Luther


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Lu·ther

 (lo͞o′thər), Martin 1483-1546.
German theologian and leader of the Reformation. His opposition to the corruption of the papacy and his belief in salvation through faith alone caused his excommunication from the Catholic Church (1521). His theological writings, reformation of liturgy, and German translation of the Bible (1534) resulted in the establishment of the Lutheran Church.
American Heritage® Dictionary of the English Language, Fifth Edition. Copyright © 2016 by Houghton Mifflin Harcourt Publishing Company. Published by Houghton Mifflin Harcourt Publishing Company. All rights reserved.

Luther

(ˈluːθə)
n
(Biography) Martin. 1483–1546, German leader of the Protestant Reformation. As professor of biblical theology at Wittenberg University from 1511, he began preaching the crucial doctrine of justification by faith rather than by works, and in 1517 he nailed 95 theses to the church door at Wittenberg, attacking Tetzel's sale of indulgences. He was excommunicated and outlawed by the Diet of Worms (1521) as a result of his refusal to recant, but he was protected in Wartburg Castle by Frederick III of Saxony (1521–22). He translated the Bible into German (1521–34) and approved Melanchthon's Augsburg Confession (1530), defining the basic tenets of Lutheranism
ˈLutherism n
Collins English Dictionary – Complete and Unabridged, 12th Edition 2014 © HarperCollins Publishers 1991, 1994, 1998, 2000, 2003, 2006, 2007, 2009, 2011, 2014

Lu•ther

(ˈlu θər)

n.
Martin, 1483–1546, German leader of the Protestant Reformation.
Random House Kernerman Webster's College Dictionary, © 2010 K Dictionaries Ltd. Copyright 2005, 1997, 1991 by Random House, Inc. All rights reserved.
ThesaurusAntonymsRelated WordsSynonymsLegend:
Noun1.Luther - German theologian who led the ReformationLuther - German theologian who led the Reformation; believed that salvation is granted on the basis of faith rather than deeds (1483-1546)
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Translations

Luther

[ˈluːθəʳ] NLutero
Collins Spanish Dictionary - Complete and Unabridged 8th Edition 2005 © William Collins Sons & Co. Ltd. 1971, 1988 © HarperCollins Publishers 1992, 1993, 1996, 1997, 2000, 2003, 2005

Luther

nLuther m
Collins German Dictionary – Complete and Unabridged 7th Edition 2005. © William Collins Sons & Co. Ltd. 1980 © HarperCollins Publishers 1991, 1997, 1999, 2004, 2005, 2007

Luther

[ˈluːθəʳ] nLutero
Collins Italian Dictionary 1st Edition © HarperCollins Publishers 1995
References in classic literature ?
In 1517 Martin Luther, protesting against the unprincipled and flippant practices that were disgracing religion, began the breach between Catholicism, with its insistence on the supremacy of the Church, and Protestantism, asserting the independence of the individual judgment.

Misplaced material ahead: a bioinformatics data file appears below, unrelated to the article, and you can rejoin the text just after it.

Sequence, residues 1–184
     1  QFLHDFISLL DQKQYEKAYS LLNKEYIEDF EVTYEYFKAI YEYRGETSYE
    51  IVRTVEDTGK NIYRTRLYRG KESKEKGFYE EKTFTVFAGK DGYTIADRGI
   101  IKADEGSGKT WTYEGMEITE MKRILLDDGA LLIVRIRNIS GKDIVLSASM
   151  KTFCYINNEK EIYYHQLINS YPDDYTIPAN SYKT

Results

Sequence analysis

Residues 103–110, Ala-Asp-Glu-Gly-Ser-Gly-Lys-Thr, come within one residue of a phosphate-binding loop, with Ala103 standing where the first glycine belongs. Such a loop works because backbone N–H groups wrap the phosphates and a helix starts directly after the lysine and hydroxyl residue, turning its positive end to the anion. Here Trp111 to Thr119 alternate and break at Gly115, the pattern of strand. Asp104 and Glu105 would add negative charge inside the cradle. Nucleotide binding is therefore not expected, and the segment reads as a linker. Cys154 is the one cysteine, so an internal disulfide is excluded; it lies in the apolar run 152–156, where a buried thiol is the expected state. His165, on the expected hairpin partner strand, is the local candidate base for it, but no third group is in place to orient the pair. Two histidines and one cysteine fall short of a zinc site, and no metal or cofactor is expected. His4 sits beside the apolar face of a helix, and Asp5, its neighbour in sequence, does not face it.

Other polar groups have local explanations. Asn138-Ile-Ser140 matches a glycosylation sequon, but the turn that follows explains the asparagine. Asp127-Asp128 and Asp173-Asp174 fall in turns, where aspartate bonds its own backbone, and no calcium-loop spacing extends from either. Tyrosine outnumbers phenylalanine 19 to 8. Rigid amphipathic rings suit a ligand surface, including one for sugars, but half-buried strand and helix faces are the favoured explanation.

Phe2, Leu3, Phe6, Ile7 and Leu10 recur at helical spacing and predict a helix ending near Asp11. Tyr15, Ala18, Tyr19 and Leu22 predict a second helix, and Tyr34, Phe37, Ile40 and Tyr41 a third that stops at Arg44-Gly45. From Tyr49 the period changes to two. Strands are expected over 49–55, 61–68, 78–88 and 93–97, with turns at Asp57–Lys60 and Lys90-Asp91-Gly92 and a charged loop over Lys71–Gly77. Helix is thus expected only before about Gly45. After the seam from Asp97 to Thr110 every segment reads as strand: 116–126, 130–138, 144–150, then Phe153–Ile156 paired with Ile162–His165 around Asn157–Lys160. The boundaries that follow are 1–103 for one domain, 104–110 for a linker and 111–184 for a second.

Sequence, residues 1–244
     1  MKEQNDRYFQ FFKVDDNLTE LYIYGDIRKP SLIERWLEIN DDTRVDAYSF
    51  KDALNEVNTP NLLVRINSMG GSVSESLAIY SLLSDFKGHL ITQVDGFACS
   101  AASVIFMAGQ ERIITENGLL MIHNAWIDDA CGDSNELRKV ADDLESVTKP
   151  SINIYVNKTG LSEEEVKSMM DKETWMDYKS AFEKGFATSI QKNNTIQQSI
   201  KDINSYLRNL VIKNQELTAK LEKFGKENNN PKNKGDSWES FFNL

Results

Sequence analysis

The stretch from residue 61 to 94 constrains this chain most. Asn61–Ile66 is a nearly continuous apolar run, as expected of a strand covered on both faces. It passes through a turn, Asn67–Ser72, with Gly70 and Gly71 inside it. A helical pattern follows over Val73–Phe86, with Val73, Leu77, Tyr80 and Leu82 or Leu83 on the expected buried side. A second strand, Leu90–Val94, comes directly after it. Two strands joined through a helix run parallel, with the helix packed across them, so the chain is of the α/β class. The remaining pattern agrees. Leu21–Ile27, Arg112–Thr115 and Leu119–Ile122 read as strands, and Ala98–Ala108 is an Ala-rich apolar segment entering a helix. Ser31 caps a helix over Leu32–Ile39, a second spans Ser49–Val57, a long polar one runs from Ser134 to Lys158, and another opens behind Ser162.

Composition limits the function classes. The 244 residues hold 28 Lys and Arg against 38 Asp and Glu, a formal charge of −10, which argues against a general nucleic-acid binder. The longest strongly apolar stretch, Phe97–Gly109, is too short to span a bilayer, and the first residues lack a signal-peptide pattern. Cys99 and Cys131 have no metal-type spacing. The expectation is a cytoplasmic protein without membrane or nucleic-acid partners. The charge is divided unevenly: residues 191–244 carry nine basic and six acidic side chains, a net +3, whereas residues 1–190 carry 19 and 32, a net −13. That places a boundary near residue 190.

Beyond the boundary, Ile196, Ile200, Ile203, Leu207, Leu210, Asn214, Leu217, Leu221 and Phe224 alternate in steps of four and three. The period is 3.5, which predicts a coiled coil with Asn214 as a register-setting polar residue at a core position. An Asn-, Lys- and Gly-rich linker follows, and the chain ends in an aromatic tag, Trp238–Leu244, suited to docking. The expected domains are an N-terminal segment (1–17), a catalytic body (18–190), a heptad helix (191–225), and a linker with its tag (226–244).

Luther's wedding-ring was shown me; also a fork belonging to a time anterior to our era, and an early bookjack.
I had been reading a Life of Luther, lent me by our parson, in the intervals between looking round me and being happy.
Deeds of violence, brutalities, contusions, fractures; this is the work of the revolutions from Luther to Mirabeau.
We learn that Luther had a hot temper and said such and such things; we learn that Rousseau was suspicious and wrote such and such books; but we do not learn why after the Reformation the peoples massacred one another, nor why during the French Revolution they guillotined one another.
How many times in the history of the world has the Luther of the day had to lament the decay of piety in his own household!
Luther, according to the scandal of his monkish enemies, was a brat of that hellish breed; nor was Pearl the only child to whom this inauspicious origin was assigned among the New England Puritans.
Just so, too, Jacobus Hugo has satisfied himself that, by Euenis, Homer meant to insinuate John Calvin; by Antinous, Martin Luther; by the Lotophagi, Protestants in general; and, by the Harpies, the Dutch.
A spiritual descendant in the direct line from Wycliff, Huss, Luther, Calvin; an Evangelical of the Evangelicals, a Conversionist, a man of Apostolic simplicity in life and thought, he had in his raw youth made up his mind once for all in the deeper questions of existence, and admitted no further reasoning on them thenceforward.
Cornelia, will you ever forget the one when old Luther Burns got up and made a speech?
Martin Luther translated twenty of these fables, and was urged by Melancthon to complete the whole; while Gottfried Arnold, the celebrated Lutheran theologian, and librarian to Frederick I, king of Prussia, mentions that the great Reformer valued the Fables of Aesop next after the Holy Scriptures.
He could not sing any of the words of Luther's great hymn, but he opened his mouth and emitted loud, deep, and partially harmonious notes....